Friday, July 22, 2016

Leaf Shapes

Some examples of leaves that you would never want to hand applique, am I right? But cutting and fusing them is quick and easy.  Here are steps to achieve this result. Note: use any color fabric for your practice pieces for this lesson.

Using your rotary cutter, slice through in a gentle curve.

 Turn and repeat. With a scissor snip the end so that a stem is formed.

 Use your soap sliver to mark a curved rib down the center.

 With small sharp scissors, cut  down to the rib.

 Cut away every other strip leaving a section on the end for the point of your leaf.

 Repeat on the second side. You may fuse this to a contrasting fabric, and then cut it to match the edges, or just keep this leaf fused, lightly, to the release paper, for future use.
I found this painting which had very similar leaves.  And what about this stamp, with our favorite dots. So clever. Birgit Koopsen 

To cut the larger fern leaf in the tulip quilt above, cut a longer shape with a stem end. Use your soap sliver to draw it out if necessary.

Cut almost to the side of the shape, alternating sides.

The soap lines disappear when the iron melts them.

27 Gingkos by Ann Fahl
We love the shape of Ginkgo leaves, and lucky for me, Main and Market streets are lined with these beautiful trees, so I could just grab a few for examples.

 Cut a simple leaf shape, curving the bottom edges with your scissors as you cut.
Add a skimpy bit for the stem, just fusing it in place.
 Nasturtium leaves are another favorite and the easy way to get that white veining is to do as follows.
Garden Nasturtium by Jungsun Jung,  not fused, so it took forever!

Cut a round-ish shape.

 Snip away each section, either almost to the center, or all the way, keeping the sections in order, so you can replace them on white fabric later.

This version keeps the sections intact, and then cut a little circle in the center.

And then there are the really simple leaf shapes, which can easily be cut in masses and added to designs, with dots of course!

 Leaf Light Detail-Melody Johnson Quilts:
Tapestry by Evelyn Ackerman
New Big Leaf by Pat Pauly

Priscilla Kibbee - If leaves were blue
 Veining is a prominent design element in these two quilts.

Some oak leaf shapes are used in this piece all about leaves. The three log cabin blocks at the top are also fused, not pieced.
A maple leaf shape was carefully cut to look more realistic. 


  1. This is the perfect next step....I'm very excited about diving into leaves...while still making "small works" with shapes. I actually have a project in mind for this will help launch it. Yay

  2. Your examples are so inspiring! Thank you :)

  3. Here's a way to tell the fused side from the fabric side when you cut up small pieces. I did this with the first set of leaves. Cut your leaf shape, on the fused side draw a smaller leaf with Frixon pen, when you cut away the small bits they will have a Frixon mark to tell you it is the fused side. When you fuse these small bits the Frixon mark will disappear with heat AND it's on the back side so the ghost white line that remains will never be seen. I'm going to do this with all my cutouts so there is no debate about which side has the fusible. What a time saver.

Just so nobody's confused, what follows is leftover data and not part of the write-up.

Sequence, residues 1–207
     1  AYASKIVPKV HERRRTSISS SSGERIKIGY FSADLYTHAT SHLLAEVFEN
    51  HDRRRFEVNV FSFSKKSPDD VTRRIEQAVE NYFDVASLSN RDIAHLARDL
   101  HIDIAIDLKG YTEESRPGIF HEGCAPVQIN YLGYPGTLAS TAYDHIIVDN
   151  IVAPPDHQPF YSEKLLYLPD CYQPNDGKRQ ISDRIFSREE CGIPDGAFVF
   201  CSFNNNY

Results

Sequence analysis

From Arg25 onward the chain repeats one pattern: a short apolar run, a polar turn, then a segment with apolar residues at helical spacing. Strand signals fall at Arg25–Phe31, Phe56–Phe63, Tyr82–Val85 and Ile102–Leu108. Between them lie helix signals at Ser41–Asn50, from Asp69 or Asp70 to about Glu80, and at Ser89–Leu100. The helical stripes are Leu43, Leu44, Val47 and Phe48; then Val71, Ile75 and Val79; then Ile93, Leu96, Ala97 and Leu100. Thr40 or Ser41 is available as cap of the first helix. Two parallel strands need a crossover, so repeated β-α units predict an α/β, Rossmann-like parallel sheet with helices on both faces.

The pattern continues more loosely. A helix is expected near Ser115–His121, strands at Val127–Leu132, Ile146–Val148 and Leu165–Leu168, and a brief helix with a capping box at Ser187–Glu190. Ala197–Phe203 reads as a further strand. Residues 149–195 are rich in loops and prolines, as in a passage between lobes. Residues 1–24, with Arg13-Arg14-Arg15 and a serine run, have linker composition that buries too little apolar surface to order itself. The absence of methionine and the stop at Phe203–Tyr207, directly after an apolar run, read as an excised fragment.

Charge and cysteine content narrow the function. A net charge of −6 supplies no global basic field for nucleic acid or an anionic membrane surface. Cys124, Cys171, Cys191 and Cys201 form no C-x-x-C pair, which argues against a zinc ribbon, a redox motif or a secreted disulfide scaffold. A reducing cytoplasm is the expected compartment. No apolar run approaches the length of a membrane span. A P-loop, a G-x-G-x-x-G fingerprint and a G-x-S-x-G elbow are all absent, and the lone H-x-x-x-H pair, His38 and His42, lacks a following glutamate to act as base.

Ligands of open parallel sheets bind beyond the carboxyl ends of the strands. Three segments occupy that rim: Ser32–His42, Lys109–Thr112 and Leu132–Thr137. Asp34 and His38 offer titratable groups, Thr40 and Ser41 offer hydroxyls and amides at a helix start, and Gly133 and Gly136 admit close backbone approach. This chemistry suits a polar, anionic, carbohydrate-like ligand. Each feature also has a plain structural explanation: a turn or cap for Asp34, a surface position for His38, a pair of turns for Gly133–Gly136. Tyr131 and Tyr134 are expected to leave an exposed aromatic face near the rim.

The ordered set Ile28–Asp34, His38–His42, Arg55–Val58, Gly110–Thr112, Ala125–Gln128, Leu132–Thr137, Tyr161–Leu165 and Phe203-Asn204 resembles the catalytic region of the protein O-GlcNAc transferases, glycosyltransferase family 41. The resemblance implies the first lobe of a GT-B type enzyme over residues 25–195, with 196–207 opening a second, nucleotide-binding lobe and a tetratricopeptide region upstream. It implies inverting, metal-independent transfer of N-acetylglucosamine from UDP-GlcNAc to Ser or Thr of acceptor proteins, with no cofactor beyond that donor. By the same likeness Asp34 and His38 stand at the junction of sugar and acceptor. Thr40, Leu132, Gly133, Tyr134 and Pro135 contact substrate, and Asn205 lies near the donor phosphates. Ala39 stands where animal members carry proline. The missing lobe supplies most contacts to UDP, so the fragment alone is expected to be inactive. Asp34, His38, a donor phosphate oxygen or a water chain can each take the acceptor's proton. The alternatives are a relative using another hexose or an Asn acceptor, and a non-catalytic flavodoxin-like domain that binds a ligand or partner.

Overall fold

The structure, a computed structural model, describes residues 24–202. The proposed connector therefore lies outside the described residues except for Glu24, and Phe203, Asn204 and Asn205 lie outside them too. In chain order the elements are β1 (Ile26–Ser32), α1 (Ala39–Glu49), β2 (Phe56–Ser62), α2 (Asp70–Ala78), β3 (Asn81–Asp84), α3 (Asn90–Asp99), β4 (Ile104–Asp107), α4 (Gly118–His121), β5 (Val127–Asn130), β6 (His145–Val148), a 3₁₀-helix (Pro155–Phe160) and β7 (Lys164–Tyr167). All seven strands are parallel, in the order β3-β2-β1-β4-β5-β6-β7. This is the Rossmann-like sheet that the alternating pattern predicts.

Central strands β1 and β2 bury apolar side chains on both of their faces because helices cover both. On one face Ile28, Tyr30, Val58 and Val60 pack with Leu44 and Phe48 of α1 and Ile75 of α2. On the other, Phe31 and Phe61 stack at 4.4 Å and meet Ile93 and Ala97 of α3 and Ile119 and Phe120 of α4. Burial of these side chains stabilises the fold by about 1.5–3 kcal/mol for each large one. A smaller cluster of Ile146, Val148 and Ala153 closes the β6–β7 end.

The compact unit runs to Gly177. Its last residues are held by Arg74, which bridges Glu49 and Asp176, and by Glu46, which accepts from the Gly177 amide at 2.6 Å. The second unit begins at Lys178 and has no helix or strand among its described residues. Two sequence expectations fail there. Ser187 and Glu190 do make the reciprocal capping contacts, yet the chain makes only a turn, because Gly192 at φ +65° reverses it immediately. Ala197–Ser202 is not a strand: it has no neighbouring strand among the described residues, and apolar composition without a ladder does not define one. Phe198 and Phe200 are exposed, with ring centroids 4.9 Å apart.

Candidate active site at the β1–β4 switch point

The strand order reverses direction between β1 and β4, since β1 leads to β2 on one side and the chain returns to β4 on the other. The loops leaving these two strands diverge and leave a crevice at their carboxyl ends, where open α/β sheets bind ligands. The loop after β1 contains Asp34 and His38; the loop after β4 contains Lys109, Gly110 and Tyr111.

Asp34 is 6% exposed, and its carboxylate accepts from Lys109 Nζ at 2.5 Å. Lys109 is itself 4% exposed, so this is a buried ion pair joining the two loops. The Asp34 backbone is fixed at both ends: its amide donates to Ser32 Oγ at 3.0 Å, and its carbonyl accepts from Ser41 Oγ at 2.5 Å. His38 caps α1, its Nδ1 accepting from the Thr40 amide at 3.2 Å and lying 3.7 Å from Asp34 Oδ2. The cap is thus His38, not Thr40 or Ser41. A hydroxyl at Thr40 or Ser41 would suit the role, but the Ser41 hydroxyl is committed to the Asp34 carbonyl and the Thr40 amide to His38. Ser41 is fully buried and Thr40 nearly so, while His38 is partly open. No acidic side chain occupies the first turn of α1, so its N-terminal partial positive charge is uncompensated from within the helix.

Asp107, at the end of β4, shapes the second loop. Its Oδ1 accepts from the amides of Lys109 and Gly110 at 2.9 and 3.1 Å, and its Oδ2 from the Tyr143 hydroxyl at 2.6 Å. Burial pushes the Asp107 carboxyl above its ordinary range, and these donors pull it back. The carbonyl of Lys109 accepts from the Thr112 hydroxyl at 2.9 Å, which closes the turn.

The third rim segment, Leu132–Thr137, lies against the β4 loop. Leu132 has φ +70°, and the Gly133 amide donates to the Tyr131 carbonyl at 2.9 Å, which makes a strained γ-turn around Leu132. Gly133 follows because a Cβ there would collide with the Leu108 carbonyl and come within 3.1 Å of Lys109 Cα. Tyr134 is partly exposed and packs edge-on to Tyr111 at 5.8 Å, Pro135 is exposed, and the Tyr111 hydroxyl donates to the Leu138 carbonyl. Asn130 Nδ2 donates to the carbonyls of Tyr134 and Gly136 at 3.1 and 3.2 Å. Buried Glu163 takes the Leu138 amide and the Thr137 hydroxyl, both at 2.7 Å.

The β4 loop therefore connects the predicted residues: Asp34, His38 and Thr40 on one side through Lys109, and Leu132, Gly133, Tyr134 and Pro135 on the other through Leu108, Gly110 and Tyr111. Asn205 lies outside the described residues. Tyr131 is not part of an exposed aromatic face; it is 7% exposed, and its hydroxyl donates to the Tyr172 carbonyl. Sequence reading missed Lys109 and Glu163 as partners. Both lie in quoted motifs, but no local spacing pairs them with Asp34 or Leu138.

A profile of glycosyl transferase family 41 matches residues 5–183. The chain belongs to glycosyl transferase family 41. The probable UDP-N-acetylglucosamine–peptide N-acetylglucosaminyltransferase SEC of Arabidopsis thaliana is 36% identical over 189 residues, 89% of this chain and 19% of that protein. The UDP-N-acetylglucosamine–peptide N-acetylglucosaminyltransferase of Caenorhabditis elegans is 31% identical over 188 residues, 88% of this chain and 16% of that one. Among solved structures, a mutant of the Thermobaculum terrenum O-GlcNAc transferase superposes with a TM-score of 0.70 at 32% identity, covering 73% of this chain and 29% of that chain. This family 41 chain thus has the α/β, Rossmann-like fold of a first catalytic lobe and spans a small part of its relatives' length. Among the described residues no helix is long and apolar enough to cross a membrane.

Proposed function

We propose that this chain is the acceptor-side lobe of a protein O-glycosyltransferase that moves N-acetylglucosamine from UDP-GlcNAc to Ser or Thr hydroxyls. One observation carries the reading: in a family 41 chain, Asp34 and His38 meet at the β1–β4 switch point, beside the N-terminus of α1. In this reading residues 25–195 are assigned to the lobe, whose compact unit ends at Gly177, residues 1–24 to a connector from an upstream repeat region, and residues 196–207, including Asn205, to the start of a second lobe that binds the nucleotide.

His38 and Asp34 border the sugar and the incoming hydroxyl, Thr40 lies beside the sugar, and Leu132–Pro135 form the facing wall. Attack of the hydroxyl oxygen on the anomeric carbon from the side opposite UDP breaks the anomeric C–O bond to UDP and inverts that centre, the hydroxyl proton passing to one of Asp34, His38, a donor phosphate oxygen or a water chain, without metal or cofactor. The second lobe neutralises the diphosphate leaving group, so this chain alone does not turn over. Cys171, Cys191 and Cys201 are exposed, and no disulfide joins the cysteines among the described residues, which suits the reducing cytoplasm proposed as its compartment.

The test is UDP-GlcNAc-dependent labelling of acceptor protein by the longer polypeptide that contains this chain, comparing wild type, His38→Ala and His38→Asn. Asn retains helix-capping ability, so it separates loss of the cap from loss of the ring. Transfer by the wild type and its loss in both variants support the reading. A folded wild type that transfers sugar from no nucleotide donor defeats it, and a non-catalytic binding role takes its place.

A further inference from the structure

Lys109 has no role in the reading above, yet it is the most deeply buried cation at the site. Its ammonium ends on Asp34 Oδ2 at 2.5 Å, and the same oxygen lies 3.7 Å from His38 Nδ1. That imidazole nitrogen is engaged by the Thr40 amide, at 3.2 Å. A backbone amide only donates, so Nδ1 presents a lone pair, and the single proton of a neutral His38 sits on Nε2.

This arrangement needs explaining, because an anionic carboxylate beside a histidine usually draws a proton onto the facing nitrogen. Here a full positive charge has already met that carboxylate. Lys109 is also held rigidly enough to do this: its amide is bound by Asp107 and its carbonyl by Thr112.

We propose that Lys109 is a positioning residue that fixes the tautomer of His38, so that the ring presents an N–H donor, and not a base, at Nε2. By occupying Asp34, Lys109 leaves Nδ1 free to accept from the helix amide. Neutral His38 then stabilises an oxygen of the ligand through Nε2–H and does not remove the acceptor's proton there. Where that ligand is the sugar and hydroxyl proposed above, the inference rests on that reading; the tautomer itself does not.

1. Be careful with the frixon pens on the top of hand dyed fabric. I have not had good luck with removing the lines. It leaves a residu. Some Kona solids react the same way. It is hit or miss so sometimes when you test a small spot it comes out but then when you do a larger area not all of it comes out. But on the back it should be fine.

  4. Love, love the leaves! Question: Would Cherry Wood fabrics work for fusing? I believe they are hand dyed. I have a collection (some might say I've been hoarding). Fusing might be a great project with them IF you think they will take to the fusing properly.

    1. Yes Cherrywood Fabrics are hand dyes and they would work perfectly with fusing.

  5. I'm anxious to start this one! The quilt on the title page is FANTASTIC!!!

  6. Woohoo!!! Leaves, leaves everywhere!!! Love it!! Thanks so much Melody!!!

  7. So beautiful!!
    Am still fusing Wonder Under on my collection of hand-dyes.

  8. Wonder Under (Pellon 805) is $22.89 for 35 yards again on Amazon. I thought that this information might be useful for those who missed the bargain price last time. For Prime members, shipping is free.

    Melody, thanks so much for posting this great class.

  9. Wonder Under (Pellon 805) is $22.89 for 35 yards again on Amazon. I thought that this information might be useful for those who missed the bargain price last time. For Prime members, shipping is free.

    Melody, thanks so much for posting this great class.

  10. Today I finally got to fuse some hand dyes from a few years back. Ideas for what to make do come to mind in the fusing process! My style is not as abstract as Melody' I'm contemplating how to use this method for a type of landscape....hummm.

  11. amazing info - thank you so much. I am a beginner and you have given me a huge head start. Fran

  12. what a great worshop!! Thank you!

  13. Melody, your instructions are fantastic! Clear, concise, illustrated with wonderful color photographs. You are the best teacher in fiber arts that I have ever encountered. Thank you so much for your willingness and enthusiasm in sharing your techniques and style!

    Thank you!!!

  14. Can't get much better than leaves! But I expect it will. thanks


Comment or ask your questions here so I can clear up any confusion.